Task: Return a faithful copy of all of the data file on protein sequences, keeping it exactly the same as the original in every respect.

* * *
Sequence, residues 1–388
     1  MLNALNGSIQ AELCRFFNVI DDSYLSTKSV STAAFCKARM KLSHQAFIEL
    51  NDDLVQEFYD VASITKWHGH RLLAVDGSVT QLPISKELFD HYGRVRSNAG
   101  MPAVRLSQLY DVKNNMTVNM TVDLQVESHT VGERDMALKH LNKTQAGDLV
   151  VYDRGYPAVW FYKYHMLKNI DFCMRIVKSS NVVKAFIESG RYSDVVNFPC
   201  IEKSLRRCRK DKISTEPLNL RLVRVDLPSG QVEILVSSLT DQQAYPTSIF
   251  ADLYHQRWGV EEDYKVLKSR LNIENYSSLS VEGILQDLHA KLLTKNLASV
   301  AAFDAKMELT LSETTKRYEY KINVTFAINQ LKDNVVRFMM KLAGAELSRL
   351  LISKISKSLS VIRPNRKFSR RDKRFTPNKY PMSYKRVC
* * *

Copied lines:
Sequence, residues 1–388
     1  MLNALNGSIQ AELCRFFNVI DDSYLSTKSV STAAFCKARM KLSHQAFIEL
    51  NDDLVQEFYD VASITKWHGH RLLAVDGSVT QLPISKELFD HYGRVRSNAG
   101  MPAVRLSQLY DVKNNMTVNM TVDLQVESHT VGERDMALKH LNKTQAGDLV
   151  VYDRGYPAVW FYKYHMLKNI DFCMRIVKSS NVVKAFIESG RYSDVVNFPC
   201  IEKSLRRCRK DKISTEPLNL RLVRVDLPSG QVEILVSSLT DQQAYPTSIF
   251  ADLYHQRWGV EEDYKVLKSR LNIENYSSLS VEGILQDLHA KLLTKNLASV
   301  AAFDAKMELT LSETTKRYEY KINVTFAINQ LKDNVVRFMM KLAGAELSRL
   351  LISKISKSLS VIRPNRKFSR RDKRFTPNKY PMSYKRVC